I find that the culture of the language I’m speaking highlights different parts of my personality, particular those parts that the culture in question values. For example, I’m fairly extroverted in American and readily engage in small talk/new friendships, but I’m generally very introverted in Danish and avoid interacting with strangers whenever possible. This difference is stark enough that it left my husband confused when we moved from the US to Denmark because I treated my Danish social circle far more selectively than my American. I didn’t do that consciously. It was just how my personality panned out as it developed while I lived in the US.

Now, yes, personality changes/nuances/etc. don’t have to be triggered by language, that’s true.

But the fact remains that my own Danish/American personality shift specifically occurs when I shift languages. And it occurs consistently as I fly back and forth between the two countries.

I suspect part of this difference may also be that interacting in a foreign language creates a “false you”, a more objective you, so it’s easier for a habitual introvert to act as an extrovert because you feel “less real”. It’s for this same reason that I’ve always written in English rather than Danish. It’s easier to be truthful when the truth (in the shape of language) feels farther removed from you.

But let’s end on a note that draws us back to my reason for writing this post:

Engelsk er ikke “nemt”.

Video: “On Craft” #3

I recently filmed another short craft video as part of my involvement with the South Gate Creative Writing School here in Denmark (link). In this video, I talk briefly about how I overcome writer’s block. For the final version of the video in which other authors discuss the same, check out the school’s youtube here.

Here I talk about three ways that I overcome writer’s block (although I have many more):
1) Have a side project/pet project/fun project in a different genre
2) Aesthetics/moodboards
3) Talk to your friend about your block OUT LOUD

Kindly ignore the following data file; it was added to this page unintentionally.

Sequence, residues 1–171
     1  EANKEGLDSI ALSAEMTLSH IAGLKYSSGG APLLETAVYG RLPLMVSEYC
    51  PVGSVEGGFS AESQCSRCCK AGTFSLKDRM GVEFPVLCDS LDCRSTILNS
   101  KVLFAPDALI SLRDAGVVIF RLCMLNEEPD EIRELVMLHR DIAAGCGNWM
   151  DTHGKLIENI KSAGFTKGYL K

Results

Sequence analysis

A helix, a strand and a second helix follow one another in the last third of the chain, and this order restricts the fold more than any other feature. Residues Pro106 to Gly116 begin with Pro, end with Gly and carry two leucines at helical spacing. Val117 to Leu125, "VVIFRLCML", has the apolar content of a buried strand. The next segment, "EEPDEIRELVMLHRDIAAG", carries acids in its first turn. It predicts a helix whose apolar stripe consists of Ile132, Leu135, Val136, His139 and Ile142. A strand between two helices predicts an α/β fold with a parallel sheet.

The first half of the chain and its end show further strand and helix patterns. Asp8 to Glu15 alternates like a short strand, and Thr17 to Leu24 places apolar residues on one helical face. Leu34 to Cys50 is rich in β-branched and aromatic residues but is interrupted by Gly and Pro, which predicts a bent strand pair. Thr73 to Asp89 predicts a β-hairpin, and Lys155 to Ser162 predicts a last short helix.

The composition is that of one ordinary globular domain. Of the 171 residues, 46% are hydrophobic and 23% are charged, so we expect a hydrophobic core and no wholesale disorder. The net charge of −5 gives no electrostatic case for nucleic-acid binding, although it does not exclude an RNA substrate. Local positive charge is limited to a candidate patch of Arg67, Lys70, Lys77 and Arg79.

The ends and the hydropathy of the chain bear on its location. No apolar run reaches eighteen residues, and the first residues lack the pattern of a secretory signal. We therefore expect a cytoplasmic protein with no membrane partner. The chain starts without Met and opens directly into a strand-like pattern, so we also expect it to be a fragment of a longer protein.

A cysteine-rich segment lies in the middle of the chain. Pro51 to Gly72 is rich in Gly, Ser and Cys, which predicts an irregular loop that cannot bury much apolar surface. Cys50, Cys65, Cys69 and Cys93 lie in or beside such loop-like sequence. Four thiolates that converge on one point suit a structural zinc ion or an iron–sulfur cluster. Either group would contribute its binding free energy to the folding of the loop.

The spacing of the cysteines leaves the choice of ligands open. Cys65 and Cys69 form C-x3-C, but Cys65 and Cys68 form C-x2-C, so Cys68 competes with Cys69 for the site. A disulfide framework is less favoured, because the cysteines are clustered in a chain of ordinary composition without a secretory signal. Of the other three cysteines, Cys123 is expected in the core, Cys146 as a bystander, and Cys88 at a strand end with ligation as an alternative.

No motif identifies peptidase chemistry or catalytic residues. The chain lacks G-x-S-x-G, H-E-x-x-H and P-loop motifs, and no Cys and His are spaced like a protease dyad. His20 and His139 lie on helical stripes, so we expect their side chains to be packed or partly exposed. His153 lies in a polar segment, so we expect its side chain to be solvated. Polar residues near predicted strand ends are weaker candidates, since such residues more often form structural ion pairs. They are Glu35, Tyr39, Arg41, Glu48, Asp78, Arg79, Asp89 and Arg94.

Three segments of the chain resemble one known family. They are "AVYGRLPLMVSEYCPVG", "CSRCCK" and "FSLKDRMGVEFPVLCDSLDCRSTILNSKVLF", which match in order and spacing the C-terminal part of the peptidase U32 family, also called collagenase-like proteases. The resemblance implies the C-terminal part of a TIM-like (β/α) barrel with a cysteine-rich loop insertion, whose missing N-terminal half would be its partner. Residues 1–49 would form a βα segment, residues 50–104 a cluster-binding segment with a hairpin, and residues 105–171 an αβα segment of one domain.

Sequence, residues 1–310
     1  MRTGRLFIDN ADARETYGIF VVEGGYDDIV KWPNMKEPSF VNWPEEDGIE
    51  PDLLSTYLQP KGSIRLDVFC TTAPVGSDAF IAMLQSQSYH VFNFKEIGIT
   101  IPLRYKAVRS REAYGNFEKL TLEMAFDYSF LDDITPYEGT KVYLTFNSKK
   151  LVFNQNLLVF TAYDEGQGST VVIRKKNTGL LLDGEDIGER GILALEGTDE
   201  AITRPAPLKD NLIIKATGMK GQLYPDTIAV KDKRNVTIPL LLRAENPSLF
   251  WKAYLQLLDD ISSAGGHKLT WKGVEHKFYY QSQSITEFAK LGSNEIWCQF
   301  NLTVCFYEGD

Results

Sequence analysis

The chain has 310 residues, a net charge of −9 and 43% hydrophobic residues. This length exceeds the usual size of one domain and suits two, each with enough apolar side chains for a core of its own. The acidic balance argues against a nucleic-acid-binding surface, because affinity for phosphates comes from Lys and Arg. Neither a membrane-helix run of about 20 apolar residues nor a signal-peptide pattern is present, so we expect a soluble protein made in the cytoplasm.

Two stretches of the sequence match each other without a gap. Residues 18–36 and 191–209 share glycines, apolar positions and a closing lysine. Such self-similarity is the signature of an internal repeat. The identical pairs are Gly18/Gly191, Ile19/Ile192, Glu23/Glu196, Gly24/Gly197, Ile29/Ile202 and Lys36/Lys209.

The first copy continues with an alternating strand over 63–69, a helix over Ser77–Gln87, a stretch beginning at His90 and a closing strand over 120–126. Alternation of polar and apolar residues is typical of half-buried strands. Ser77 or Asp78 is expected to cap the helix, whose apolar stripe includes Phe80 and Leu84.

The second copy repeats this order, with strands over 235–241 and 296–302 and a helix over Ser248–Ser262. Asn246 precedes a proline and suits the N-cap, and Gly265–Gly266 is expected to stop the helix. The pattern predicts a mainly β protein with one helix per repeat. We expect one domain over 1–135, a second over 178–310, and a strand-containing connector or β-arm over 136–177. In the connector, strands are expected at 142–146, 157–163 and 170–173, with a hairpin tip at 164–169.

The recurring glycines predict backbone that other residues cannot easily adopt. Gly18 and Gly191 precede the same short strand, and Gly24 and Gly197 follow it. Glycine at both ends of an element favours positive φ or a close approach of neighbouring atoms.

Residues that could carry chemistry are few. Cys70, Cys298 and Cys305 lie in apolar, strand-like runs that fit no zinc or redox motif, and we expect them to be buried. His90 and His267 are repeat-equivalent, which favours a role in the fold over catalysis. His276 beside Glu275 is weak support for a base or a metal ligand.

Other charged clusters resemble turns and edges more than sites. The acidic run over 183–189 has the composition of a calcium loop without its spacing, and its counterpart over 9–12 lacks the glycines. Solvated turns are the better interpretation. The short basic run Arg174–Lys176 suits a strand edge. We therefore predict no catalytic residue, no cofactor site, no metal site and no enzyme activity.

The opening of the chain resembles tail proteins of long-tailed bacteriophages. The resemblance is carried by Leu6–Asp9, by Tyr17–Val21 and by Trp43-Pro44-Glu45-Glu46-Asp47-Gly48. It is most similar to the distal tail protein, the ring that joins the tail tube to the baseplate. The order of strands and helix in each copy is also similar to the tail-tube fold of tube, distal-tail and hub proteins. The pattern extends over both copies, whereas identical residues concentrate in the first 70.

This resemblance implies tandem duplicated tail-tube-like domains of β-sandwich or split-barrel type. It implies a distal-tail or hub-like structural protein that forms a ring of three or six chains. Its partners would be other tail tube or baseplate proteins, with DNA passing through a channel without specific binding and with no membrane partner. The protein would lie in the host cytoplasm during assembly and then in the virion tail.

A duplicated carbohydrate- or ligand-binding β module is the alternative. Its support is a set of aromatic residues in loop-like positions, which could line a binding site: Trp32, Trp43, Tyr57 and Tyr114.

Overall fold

On the Toxicity of Twitter & Authors Migrating Away

Lately, I’ve seen a lot of authors migrating their presence from twitter onto other social media platforms. Toxicity, doom-scrolling, mental health, and time-wasting are cited among the reasons. This raises the troubling question that if we, writers, find ourselves escaping a platform built for writing, then what does that indicate for and of the platform as a whole?

This is what I hope to partially unpack here, through the lens of existentialism.

I wrote my postgraduate thesis on Kierkegaardian and Sartrean existentialism. Kierkegaard and Sartre would’ve been all over today’s social media if they could. Social media is all about existentialism. About being perceived. It prays on your identity.

Existentialism understands identity as a process, as something that changes and develops according to the choices you make in life. On social media, groupthink robs you of your choices. Robs you of your identity. It leaves you in despair, as Kierkegaard would say. Despair arises when the self is unable to confirm itself. In order to become yourself, you must first conquer the negativity of not being yourself. You must face what you are not in order to acknowledge what you are. Otherwise, you end up in despair.

To me, this is often the nature of twitter’s toxicity.

Your choice, your identity, is robbed from you by groupthink.

In the writing community, there are specific accounts dedicated to spilling the tea and keeping you updated on the latest problematic discourse. You know, the thing that perforates your timeline, but you have no idea what it’s really about because it’s all subtweeting? Yeah, that thing.

That very unhealthy expectation, right there.

The writing community expects you to comment on every discourse that blows up. If you don’t, you’re an enabler, or a silencer, or a whole slew of other things. Now, there’s no doubt that enabling cruel behavior and that staying silent in the face of inhumanity is wrong (and I won’t go into what constitutes inhumanity because that should be obvious to everyone), but despite what the community expects, you can be on twitter without inserting yourself in every discourse that blows up. It’s okay to be on twitter and mind your own beeswax.

In an ideal world, you should be able to step away from a single discourse rather than stepping away from twitter as a whole to escape this despair. In an ideal world, groupthink should not result in a despairing self.

Lastly, we also shouldn’t discount how the pandemic has forced everyone to be online for different reasons than before. We’ve been forcefully overexposed to groupthink as a cultural consequence of the pandemic, so the toxicity has grown exponentially. The potential for our selves to despair has grown. I think we’re all feeling this, which means we need to be ever more vigilant about it.

So, don’t feel bad.

Don’t feel forced.

Don’t favor the group to the detriment of your own despair.

Don’t feel that you have to leave because you’re not “vocal enough” online. You can be vocal without doing it online, but let’s leave that discussion for a different day. Bottom line is this: avoiding toxicity in general is about building an awareness of how the toxicity works, so it can’t victimize you.

Build your awareness and you’ll build your defense.

You can start by engaging in critical thinking of online behavioral patterns, both your own and those of others.